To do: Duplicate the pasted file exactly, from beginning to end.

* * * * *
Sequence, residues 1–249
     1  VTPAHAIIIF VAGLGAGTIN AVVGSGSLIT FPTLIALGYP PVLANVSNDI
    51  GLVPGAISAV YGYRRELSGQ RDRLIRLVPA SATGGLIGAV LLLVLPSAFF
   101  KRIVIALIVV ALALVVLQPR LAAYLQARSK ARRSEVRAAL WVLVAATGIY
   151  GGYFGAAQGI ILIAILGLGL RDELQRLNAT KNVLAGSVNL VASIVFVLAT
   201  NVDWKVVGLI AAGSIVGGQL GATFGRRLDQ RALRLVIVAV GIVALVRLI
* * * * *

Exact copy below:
Sequence, residues 1–249
     1  VTPAHAIIIF VAGLGAGTIN AVVGSGSLIT FPTLIALGYP PVLANVSNDI
    51  GLVPGAISAV YGYRRELSGQ RDRLIRLVPA SATGGLIGAV LLLVLPSAFF
   101  KRIVIALIVV ALALVVLQPR LAAYLQARSK ARRSEVRAAL WVLVAATGIY
   151  GGYFGAAQGI ILIAILGLGL RDELQRLNAT KNVLAGSVNL VASIVFVLAT
   201  NVDWKVVGLI AAGSIVGGQL GATFGRRLDQ RALRLVIVAV GIVALVRLI